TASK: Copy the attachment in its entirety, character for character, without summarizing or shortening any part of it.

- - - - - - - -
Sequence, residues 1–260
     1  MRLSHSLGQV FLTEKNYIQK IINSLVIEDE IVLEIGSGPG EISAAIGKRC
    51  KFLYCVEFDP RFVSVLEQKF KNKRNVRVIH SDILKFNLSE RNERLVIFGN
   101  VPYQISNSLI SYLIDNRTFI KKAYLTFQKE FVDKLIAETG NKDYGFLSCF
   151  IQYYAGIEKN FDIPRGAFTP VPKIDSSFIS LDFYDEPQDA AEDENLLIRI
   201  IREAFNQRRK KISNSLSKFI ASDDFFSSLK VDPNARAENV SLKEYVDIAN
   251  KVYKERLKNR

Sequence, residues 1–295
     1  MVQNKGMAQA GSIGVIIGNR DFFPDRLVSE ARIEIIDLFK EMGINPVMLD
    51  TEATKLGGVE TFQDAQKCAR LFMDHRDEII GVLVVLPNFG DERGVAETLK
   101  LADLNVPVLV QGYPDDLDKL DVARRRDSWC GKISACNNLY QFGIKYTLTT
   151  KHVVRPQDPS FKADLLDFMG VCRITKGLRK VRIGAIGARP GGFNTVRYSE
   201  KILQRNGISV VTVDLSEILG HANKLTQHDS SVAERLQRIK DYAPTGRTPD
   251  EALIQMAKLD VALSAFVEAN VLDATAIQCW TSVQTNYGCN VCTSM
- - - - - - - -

Sequence, residues 1–260
     1  MRLSHSLGQV FLTEKNYIQK IINSLVIEDE IVLEIGSGPG EISAAIGKRC
    51  KFLYCVEFDP RFVSVLEQKF KNKRNVRVIH SDILKFNLSE RNERLVIFGN
   101  VPYQISNSLI SYLIDNRTFI KKAYLTFQKE FVDKLIAETG NKDYGFLSCF
   151  IQYYAGIEKN FDIPRGAFTP VPKIDSSFIS LDFYDEPQDA AEDENLLIRI
   201  IREAFNQRRK KISNSLSKFI ASDDFFSSLK VDPNARAENV SLKEYVDIAN
   251  KVYKERLKNR

Sequence, residues 1–295
     1  MVQNKGMAQA GSIGVIIGNR DFFPDRLVSE ARIEIIDLFK EMGINPVMLD
    51  TEATKLGGVE TFQDAQKCAR LFMDHRDEII GVLVVLPNFG DERGVAETLK
   101  LADLNVPVLV QGYPDDLDKL DVARRRDSWC GKISACNNLY QFGIKYTLTT
   151  KHVVRPQDPS FKADLLDFMG VCRITKGLRK VRIGAIGARP GGFNTVRYSE
   201  KILQRNGISV VTVDLSEILG HANKLTQHDS SVAERLQRIK DYAPTGRTPD
   251  EALIQMAKLD VALSAFVEAN VLDATAIQCW TSVQTNYGCN VCTSM